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Secrets to attracting crowds during Restaurant Week

When we asked several operators how they define a successful Restaurant Week, they agreed on one measure: high traffic. John Howie, owner of two Seastar Restaurant and Raw Bar locations in the Seattle area, sees 600 to 700 more guests than he normally would—200 of whom never have dined at Seastar before—during a 10-day Restaurant Week. But catering to the expanded crowd—and inspiring their return after the promotion—requires planning, proper staffing and cost considerations. And that, say most, doesn’t happen by chance.

While having a full house every night is the goal, a key part of the preparation for Restaurant Week is having a realistic expectation of how many guests are manageable and planning reservations based on that number. “Don’t overcommit,” says Tommy Marcinko, general manager of The Macintosh in Charleston, S.C., especially since it’s a time to build a new clientele. “There’s nothing worse than starting out that first-time experience by not having [the guest’s] table ready when promised,” he says.

Also important is being well staffed and alerting servers of what to expect. Some operators give pep talks about how lower-than-normal check averages don’t necessarily mean less money in servers’ pockets, since volume makes up for lower tips. “For about two weeks, servers just have to work harder for the same amount of money,” says Howie, who communicates the value of Restaurant Week by reminding his staff that it is “an investment in our long-term health as a restaurant.”

It’s that investment in future business that eases most operators’ concerns about lower profit margins. “Food costs are definitely higher than the rest of the year,” says Russell Masraff, co-owner of Masraff’s in Houston, as customers gravitate towards dishes they perceive to be a better value for the lower price tag. But experienced operators caution that giving the Restaurant Week menu short shrift can backfire, dissuading customers from choosing their operation. “Don’t try to outsmart your food costs,” says Michael Cordúa, founder and chairman of Cordúa Restaurants in Houston. “People see through that.” Masraff agrees. Diners notice when restaurants try to protect profits by padding the menu with pasta and other low-cost dishes, he says.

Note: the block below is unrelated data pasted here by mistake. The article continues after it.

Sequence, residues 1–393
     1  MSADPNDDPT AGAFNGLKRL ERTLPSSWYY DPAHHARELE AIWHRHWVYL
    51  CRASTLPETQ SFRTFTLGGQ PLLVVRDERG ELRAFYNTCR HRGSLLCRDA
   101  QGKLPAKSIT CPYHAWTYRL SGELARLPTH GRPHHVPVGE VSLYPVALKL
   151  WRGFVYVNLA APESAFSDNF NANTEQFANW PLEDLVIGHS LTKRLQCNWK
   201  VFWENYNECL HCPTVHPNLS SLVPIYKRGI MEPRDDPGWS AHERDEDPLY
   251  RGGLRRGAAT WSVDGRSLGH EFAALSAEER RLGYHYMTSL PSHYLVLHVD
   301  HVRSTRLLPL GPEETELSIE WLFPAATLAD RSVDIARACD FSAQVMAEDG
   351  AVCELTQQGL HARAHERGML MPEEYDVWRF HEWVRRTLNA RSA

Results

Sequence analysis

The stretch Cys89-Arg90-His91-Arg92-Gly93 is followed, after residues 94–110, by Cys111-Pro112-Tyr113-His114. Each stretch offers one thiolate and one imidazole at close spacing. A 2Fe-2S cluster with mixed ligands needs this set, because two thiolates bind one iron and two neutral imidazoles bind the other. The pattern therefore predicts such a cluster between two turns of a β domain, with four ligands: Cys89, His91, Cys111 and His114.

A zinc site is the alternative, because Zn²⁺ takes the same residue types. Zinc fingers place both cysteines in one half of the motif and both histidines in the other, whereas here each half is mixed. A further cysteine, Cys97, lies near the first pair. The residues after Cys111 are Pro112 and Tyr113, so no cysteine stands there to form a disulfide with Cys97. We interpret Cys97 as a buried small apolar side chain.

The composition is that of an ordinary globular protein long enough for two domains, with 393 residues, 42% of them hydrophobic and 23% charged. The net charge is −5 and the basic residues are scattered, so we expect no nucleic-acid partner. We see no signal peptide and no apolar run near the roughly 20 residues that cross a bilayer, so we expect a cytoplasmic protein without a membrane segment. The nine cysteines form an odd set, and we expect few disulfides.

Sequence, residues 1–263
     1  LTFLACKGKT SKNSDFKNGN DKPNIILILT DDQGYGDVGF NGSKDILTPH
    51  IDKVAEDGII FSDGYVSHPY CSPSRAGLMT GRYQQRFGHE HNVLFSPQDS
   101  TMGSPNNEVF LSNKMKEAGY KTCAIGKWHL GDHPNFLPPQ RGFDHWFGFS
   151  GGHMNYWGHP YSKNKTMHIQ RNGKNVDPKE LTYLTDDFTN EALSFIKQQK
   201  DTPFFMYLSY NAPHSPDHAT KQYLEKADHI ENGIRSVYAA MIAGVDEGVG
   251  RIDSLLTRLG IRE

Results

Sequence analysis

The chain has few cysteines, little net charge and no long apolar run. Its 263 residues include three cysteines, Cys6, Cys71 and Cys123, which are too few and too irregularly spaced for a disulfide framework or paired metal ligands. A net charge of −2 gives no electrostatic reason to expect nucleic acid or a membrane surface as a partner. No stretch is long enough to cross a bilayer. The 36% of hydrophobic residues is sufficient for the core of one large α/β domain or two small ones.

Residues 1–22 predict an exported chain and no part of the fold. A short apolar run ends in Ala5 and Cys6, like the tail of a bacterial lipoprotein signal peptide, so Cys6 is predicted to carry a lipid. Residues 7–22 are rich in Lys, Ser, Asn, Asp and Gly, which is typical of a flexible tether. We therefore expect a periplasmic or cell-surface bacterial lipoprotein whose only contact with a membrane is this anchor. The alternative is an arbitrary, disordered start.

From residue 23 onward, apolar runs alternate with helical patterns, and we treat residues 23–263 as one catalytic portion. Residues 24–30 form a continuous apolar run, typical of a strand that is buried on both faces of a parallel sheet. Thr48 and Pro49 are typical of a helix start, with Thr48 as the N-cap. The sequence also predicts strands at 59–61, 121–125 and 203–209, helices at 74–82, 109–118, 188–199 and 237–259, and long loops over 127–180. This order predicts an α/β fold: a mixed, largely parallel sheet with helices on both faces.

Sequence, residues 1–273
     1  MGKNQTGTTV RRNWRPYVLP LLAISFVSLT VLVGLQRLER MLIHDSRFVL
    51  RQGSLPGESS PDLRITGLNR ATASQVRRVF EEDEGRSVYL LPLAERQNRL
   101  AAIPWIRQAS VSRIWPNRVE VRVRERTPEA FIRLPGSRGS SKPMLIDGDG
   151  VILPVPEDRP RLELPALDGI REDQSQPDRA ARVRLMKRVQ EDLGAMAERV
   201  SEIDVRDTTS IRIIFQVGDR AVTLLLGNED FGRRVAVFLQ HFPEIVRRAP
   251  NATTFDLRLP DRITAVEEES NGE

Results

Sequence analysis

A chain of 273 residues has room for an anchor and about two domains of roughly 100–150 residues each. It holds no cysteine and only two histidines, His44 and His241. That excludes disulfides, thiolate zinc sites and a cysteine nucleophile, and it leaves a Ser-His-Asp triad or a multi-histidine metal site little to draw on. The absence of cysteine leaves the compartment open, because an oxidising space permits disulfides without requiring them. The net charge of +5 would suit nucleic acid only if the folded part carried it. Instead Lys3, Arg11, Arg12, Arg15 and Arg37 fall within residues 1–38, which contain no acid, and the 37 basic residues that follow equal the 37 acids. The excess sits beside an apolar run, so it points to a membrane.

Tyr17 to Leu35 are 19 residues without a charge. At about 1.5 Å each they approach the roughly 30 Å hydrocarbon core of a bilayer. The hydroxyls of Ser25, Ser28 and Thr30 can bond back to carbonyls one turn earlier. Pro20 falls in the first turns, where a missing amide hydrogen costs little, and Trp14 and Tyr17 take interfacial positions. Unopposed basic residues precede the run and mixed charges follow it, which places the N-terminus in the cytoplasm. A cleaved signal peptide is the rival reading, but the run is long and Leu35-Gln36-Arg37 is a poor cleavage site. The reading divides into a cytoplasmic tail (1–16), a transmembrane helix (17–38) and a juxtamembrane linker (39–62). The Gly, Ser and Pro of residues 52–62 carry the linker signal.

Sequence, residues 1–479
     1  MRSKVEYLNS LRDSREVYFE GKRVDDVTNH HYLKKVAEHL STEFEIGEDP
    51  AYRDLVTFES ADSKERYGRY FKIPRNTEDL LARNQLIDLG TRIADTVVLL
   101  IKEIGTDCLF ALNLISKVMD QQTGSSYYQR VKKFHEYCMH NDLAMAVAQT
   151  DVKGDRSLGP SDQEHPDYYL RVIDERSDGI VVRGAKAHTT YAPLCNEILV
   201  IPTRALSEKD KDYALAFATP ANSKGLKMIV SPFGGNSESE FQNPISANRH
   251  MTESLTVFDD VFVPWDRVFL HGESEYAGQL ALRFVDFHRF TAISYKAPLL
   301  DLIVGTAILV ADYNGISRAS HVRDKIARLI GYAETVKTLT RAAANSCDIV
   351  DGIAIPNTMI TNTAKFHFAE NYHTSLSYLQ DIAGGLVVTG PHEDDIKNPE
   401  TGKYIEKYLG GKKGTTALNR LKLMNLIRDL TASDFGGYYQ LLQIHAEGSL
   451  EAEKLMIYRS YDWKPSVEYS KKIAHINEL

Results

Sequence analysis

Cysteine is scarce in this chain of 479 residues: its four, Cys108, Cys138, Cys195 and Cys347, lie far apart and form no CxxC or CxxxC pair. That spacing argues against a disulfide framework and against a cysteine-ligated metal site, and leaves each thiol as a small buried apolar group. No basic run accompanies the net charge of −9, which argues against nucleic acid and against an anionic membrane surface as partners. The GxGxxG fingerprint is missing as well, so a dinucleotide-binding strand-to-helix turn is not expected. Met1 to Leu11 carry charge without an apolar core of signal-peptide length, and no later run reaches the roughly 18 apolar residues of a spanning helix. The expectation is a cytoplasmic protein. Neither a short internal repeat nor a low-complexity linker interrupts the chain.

>Howie goes a step farther. Participating Seattle restaurants are required to offer at least three entrees, but Howie puts up to eight choices on Seastar’s menu to reflect a “normal” service. It makes good business sense, too, he says, as “it spreads the work out [among kitchen] stations more evenly.” With only three entrees on offer, “especially when one is a shining star,” he says, certain cooks are likely to get in the weeds.

And it’s not just food that can drive Restaurant Week traffic. Cordúa puts together a specially priced cocktail list to go along with Restaurant Week deals and play to the groups of women he often sees dining together during the promotion. The discounted cocktails, such as a mojito for $8, are very popular, he says, so these increased alcohol sales, along with volume, help offset food costs.

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